Vehicle-to-Grid: $1 Billion in Annual Grid Benefits?
An EPRI study finds that utilities and ratepayers can derive substantial value from large-scale deployment of electric vehicles (EVs) equipped to transmit power to the grid.
The International Energy Agency projects that by 2030 more than 130 million EVs will be on roads globally. Based on typical driving patterns, about 90% of EVs will be parked at any given time. These vehicles can potentially be grid-connected and available for dispatch to support grid operations. Many studies have documented grid benefits of managed or smart charging—systems through which a utility can remotely turn charging levels up, down, or off. But what is the value of taking smart charging a step further and deploying vehicle-to-grid (V2G) technologies that enable EVs to transmit power from their batteries to the grid? Such technologies can potentially lower grid operational costs by reducing peak demand, shifting load to off-peak times, and providing ancillary services.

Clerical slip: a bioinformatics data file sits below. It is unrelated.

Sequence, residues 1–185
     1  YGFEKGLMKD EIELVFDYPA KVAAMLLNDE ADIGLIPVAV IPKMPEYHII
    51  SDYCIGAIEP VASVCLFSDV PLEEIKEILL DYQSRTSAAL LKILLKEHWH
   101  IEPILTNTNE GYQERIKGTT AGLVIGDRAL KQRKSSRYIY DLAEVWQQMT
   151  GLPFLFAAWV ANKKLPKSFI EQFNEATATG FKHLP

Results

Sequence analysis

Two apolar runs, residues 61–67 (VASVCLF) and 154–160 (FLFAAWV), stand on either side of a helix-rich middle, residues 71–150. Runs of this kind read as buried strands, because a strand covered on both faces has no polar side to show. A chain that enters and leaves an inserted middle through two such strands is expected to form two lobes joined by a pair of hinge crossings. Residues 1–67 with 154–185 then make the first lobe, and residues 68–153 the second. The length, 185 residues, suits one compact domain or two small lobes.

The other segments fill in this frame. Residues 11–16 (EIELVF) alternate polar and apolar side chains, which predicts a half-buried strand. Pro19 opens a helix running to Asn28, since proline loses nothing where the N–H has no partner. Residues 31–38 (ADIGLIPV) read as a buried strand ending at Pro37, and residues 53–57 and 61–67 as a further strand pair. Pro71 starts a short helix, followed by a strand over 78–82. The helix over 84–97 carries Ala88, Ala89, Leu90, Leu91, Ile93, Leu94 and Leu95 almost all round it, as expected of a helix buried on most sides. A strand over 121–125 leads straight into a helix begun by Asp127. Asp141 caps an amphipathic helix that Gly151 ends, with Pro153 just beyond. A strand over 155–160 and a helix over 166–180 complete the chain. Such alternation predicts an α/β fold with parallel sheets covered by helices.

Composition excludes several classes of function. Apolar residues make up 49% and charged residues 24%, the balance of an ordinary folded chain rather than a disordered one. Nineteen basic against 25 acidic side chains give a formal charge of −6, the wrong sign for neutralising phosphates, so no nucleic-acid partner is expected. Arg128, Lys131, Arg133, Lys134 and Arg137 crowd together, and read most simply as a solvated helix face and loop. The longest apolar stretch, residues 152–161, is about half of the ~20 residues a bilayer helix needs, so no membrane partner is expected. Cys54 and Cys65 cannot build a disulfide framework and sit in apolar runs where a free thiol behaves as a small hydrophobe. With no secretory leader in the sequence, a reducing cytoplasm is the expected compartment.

EPRI researchers developed models to calculate the value of V2G-capable vehicles for California’s distribution systems. Key insights on what could happen:
- V2G technology can provide 2–3 times the value of managed charging.
- V2G technology can provide $671 million in annual grid benefits, based on 3.3 million EVs in 2030 (medium EV forecast) with half of those EVs V2G-enabled.
- V2G technology can provide $1 billion in annual grid benefits, given 5 million EVs in 2030 (aggressive EV forecast and a California goal) with half of those V2G-enabled.
- If half of California’s 600,000 EVs today were V2G-enabled, they could provide $39 million in annual net value from peak shaving and ramping support.
This study builds on results from several years of V2G technology development and demonstration by EPRI along with major auto manufacturers such as Fiat Chrysler Automobiles and Honda R&D Americas. Funded by the California Energy Commission, the collaborative research is the first to combine evaluation of technology, valuation, and resource planning aspects of V2G.
Key EPRI Technical Experts:
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Artwork by David Foster Graphics